Anti-jihad group helps fill U.S. ammo shortage


God Bless Our Troops!!!
Anti-jihad group helps fill U.S. ammo shortage
Non-profit cooperating with supplier amid stressed market
Posted: March 30, 2009
1:30 am Eastern
Anti-jihad group helps fill U.S. ammo shortage
© 2009 WorldNetDaily

An ammunition manufacturer and a non-profit group are teaming up in a unique venture to help address both the short supply of commercial ammo and the need to alert Americans about the threat of radical Islam.

America's Truth Forum announced it is making available through its website .223 Remington (5.56) rounds suitable for all sporting and military-style rifles, including the AR-15 and Ruger Mini-14.

"Like gold and silver, ammunition is coming into vogue as an affordable security investment – a multi-purpose asset that not only protects homes from violent attacks and citizens from tyrannical oppression but a tangible one that could be bartered as collateral during the most troubling economic times," says the president of America's Truth Forum, Jeff Epstein.

Purchasers of the ammunition will have an opportunity to donate to America's Truth Forum, Epstein said, and help "awaken our citizenry to the radical Islamic-Jihadist threat."

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"If we fail to take the appropriate actions now, our children will be left to carry on the battle against an even stronger and more determined foe, an evil whose flame we failed to extinguish," he said. "Our legacy should be one of bravely confronting our adversaries and of diligently defending what is rightfully ours. Our actions need to serve as motivating examples for future generations, instilling in them the proclivity to stand resolute in the face of evil."

Learn here why it's your right -- and duty -- to be armed.

As WND reported, firearm sales have spiked since the election of a perceived anti-gun president, and the stockpiling of bullets has stressed the ammunition market.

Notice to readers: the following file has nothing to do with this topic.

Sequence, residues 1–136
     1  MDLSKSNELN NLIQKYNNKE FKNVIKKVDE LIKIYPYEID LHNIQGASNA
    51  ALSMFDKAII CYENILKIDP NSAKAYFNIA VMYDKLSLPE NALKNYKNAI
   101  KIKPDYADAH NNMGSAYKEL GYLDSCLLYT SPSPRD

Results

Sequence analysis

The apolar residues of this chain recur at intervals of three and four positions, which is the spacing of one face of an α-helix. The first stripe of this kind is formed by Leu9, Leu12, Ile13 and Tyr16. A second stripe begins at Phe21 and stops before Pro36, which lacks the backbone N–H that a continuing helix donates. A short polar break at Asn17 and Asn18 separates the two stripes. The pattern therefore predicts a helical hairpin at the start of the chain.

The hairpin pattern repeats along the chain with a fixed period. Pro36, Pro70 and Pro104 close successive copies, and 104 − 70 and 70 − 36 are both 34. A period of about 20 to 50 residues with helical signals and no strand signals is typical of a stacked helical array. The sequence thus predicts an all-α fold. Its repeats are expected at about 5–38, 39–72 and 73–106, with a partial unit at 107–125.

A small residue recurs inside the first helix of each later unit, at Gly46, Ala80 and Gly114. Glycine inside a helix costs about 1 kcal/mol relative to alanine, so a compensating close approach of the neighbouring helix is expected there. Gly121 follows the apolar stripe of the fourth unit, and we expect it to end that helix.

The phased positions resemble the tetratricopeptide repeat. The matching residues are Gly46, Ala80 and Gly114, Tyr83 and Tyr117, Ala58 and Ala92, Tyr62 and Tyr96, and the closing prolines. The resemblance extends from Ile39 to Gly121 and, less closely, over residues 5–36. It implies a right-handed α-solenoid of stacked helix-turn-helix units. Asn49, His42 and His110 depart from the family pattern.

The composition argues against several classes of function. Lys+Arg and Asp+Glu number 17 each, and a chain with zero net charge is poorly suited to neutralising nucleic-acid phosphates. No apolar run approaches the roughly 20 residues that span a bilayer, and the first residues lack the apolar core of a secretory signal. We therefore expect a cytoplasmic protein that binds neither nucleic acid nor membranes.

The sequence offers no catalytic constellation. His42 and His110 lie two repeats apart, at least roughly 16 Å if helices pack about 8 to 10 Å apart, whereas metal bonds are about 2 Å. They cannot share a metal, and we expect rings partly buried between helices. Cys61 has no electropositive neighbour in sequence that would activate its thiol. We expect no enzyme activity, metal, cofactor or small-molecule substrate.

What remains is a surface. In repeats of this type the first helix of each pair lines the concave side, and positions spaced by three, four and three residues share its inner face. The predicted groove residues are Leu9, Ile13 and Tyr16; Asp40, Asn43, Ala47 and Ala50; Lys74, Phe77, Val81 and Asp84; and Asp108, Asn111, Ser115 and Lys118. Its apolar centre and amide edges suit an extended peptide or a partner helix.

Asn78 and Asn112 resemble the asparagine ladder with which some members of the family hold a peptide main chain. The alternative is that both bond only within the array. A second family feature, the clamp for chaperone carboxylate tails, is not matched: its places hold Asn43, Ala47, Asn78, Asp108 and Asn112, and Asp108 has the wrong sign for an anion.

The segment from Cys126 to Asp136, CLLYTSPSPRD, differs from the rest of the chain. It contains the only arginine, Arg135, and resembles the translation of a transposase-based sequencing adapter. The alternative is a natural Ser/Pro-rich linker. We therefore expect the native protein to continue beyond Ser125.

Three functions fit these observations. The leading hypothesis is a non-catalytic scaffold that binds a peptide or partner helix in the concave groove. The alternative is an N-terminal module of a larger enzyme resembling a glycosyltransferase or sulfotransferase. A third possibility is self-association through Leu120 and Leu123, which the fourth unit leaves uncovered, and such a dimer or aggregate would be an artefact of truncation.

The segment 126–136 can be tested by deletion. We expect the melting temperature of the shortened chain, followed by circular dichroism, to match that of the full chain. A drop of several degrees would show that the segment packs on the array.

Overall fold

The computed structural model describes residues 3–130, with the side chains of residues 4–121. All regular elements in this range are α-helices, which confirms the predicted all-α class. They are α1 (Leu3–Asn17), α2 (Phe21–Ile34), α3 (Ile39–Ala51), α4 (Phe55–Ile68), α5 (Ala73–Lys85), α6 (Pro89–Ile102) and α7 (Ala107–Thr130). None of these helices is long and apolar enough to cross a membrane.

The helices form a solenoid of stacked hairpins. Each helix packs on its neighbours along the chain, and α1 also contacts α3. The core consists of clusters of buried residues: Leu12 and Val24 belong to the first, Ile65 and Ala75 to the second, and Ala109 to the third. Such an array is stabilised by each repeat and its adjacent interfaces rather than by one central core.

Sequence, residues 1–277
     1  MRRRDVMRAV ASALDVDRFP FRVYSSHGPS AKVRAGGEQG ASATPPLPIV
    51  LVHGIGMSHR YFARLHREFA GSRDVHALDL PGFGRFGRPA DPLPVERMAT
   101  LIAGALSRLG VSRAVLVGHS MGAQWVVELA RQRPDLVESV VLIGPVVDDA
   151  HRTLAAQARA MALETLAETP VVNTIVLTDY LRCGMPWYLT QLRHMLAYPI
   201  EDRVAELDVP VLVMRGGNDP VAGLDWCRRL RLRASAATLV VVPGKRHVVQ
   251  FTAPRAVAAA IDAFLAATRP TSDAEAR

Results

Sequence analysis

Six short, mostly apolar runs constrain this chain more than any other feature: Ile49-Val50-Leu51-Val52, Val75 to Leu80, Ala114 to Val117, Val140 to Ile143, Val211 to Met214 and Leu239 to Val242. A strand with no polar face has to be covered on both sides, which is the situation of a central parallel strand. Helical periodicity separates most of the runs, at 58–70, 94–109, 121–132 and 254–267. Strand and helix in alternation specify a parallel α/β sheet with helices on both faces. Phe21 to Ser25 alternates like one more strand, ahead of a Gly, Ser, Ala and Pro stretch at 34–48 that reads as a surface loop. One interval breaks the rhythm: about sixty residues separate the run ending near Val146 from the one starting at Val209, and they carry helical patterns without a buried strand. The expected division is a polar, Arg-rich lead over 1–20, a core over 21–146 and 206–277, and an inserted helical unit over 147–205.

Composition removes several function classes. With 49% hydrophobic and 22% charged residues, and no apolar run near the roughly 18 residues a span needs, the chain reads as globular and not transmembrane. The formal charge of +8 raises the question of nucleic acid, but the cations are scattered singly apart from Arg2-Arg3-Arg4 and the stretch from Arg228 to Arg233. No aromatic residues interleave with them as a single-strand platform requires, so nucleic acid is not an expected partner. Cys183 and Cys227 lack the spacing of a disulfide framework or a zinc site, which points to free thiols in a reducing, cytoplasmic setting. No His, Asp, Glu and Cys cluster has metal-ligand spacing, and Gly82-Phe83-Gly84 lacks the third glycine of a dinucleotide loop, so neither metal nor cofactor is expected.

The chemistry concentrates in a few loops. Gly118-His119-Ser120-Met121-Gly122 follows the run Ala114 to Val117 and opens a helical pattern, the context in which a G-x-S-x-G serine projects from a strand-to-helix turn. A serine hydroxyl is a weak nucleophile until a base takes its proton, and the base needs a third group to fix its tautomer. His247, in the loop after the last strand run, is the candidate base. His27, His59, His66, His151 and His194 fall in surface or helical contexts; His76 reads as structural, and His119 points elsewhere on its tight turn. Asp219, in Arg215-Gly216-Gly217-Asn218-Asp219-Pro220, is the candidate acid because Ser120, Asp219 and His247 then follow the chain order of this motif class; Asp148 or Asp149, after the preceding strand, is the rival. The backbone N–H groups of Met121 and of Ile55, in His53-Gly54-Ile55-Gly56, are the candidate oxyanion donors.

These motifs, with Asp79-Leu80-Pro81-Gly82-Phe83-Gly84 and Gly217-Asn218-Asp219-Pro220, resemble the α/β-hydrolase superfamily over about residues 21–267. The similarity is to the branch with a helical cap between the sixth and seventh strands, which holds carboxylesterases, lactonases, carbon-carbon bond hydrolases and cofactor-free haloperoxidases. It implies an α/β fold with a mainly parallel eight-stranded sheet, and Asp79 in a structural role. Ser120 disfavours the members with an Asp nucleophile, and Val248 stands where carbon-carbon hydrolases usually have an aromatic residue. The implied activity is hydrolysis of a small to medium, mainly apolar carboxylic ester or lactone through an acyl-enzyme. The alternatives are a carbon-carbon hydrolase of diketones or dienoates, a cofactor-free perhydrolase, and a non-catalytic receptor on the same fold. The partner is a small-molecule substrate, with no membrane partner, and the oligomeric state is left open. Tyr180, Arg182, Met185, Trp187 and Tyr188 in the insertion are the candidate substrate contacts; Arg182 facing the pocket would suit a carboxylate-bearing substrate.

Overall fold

The Orlando Sentinel reported months of steady, heavy buying have left gun dealers facing shortages of ammunition.

"The survivalist in all of us comes out," John Ritz, manager of a Florida shooting range, told the Sentinel. "It's more about protecting what you have."

"People are just stockpiling," said a spokeswoman for Georgia Arms, which has seen bullet sales jump 100 percent since the election. "A gun is just like a car. If you can't get gas, you can't use it."

WND reported earlier this month that amid outrage from private gun owners, the Department of Defense scrapped a new policy that would deplete the supply of ammunition by requiring destruction of fired military cartridge brass.

The policy already had taken a bite out of the nation's ammunition supply, leaving arms dealers scrambling to find ammo for private gun owners.

The Department of Defense explained it had placed small arms cartridge cases on its list of sensitive munitions items as part of an overall effort to ensure national security is not jeopardized in the sale of any Defense property.

Montana's two Democratic senators, Jon Tester and Max Baucus, pressed the issue with Defense officials, arguing that "prohibiting the sale of fired military brass would reduce the supply of ammunition – preventing individual gun owners from fully exercising their Second Amendment right to keep and bear arms."

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